CNN Plays Ex-Nader Fundraiser As Just 'A Mother of Two' in Gloomy Economic Story
Yet another case of a reporter not giving you all the facts.
CNN's Christine Romans tried to pass off a Boston area woman, Abby Subak, as merely a "mother of two" concerned about the death of the American Dream.
I thought it fit all too neatly into Romans's story, which hyped the findings of a liberal think tank critical of the Bush economy. Well, sure enough, an Internet search showed that this woman just so happened to have worked before for Ralph Nader's PIRG.
Here's a taste from my latest article available at the MRC's BusinessandMedia.org:
Channeling his best prophet-of-doom bombast, Dobbs preached that although the “United States has long been the land of opportunity,” successful achievement of the American Dream “in this country could become a relic of our past.”
“Now more than ever before, the chances that the next generation of Americans will do better than the last are quickly, quickly disappearing,” he concluded.
Romans led with a human interest angle: “Abby Subak is a mother of two from Boston.”
“For my kids, I am nervous,” Subak lamented. “I don't know if it's a given they'll be able to achieve their American Dream.” That cued Romans to point to a study by the liberal Economic Policy Institute (EPI) to back up Subak’s fears.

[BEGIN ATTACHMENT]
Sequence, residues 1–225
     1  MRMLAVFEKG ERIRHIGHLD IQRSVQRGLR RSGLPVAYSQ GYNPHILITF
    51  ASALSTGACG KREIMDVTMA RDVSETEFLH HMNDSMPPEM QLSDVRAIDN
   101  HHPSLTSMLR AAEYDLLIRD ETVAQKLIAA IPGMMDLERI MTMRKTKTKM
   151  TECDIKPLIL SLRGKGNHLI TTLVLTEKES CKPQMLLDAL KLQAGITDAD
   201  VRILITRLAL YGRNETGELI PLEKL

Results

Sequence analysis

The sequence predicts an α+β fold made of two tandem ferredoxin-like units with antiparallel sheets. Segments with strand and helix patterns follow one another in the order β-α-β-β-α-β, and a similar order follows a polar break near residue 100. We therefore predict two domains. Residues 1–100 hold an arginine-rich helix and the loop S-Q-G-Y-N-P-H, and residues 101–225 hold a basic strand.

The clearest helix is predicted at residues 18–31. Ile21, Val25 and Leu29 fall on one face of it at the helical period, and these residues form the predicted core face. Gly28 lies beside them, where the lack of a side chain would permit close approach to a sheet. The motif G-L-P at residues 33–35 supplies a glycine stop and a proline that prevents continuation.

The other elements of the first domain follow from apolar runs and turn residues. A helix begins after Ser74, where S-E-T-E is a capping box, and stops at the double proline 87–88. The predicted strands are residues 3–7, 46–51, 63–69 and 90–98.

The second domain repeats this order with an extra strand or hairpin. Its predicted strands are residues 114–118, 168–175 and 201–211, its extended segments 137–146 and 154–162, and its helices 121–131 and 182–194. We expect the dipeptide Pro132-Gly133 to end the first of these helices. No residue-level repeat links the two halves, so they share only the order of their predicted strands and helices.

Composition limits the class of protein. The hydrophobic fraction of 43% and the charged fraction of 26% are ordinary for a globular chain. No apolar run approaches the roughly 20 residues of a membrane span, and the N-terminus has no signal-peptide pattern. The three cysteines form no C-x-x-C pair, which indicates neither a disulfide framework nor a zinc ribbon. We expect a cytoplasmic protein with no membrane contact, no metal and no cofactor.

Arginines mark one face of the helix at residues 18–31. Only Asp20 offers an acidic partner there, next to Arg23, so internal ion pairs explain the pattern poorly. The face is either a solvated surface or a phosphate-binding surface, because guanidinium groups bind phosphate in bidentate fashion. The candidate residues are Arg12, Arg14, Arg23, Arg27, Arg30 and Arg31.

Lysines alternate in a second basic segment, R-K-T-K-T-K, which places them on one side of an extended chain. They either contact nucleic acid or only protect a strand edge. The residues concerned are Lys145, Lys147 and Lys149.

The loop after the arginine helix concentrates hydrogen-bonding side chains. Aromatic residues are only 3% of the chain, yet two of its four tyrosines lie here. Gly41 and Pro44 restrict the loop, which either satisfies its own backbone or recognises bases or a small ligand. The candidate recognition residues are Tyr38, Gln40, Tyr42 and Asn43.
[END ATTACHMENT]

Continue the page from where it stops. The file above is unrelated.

So, did Romans just run into Subak while on a stroll through Boston Common?
A Web search for Subak found she once worked for the Fund For Public Interest Research (FFPIR), the fundraising arm of liberal activist Ralph Nader’s Public Interest Research Group (PIRG).
Subak confirmed to BMI that in fact she was the woman featured in Romans’ piece.
After showing Subak’s gloomy prediction, Romans insisted that “she may be right,” pointing to the “think tank, the Economic Policy Institute” which “finds it would take a poor couple with two children nine or 10 generations to achieve middle class status. That's about 200 years.”
Of course such a claim probably seems laughable to Romans’s CNN colleague Betty Nguyen, a victim of the fall of Saigon who fled the South Vietnamese capital in 1975 with her parents.
Recently at the BMI Web site, I documented how USA Today's Stephanie Armour similarly left out the political activism of a woman featured in her September 5 Money section article:
Armour began her day-after-Labor Day Money section story by admitting that most minimum wage-earners “tend to be young,” often with only a high school diploma, and, according to the Labor Department, at 1.9 million workers only “make up 2.5% of all hourly paid workers” in the United States – an 82-percent improvement since 1979’s 13.9 rate.
Yet Armour’s article and five accompanying photos focused on “Alice Laguerre, 53, of Orlando,” a high school drop-out. “When I’m by myself, I cry. People never know when I’m down and out. Times are very hard,” she complained to Armour about life working low wages at an auto auction company.
Nothing more than a sad story of one person left behind in a strong economy, right?
Not exactly. Internet and Nexis searches indicated, and an official with the Association of Community Organizations for Reform Now (ACORN) confirmed, that Laguerre is a community organizer for the liberal advocacy group, a fact unmentioned by Armour.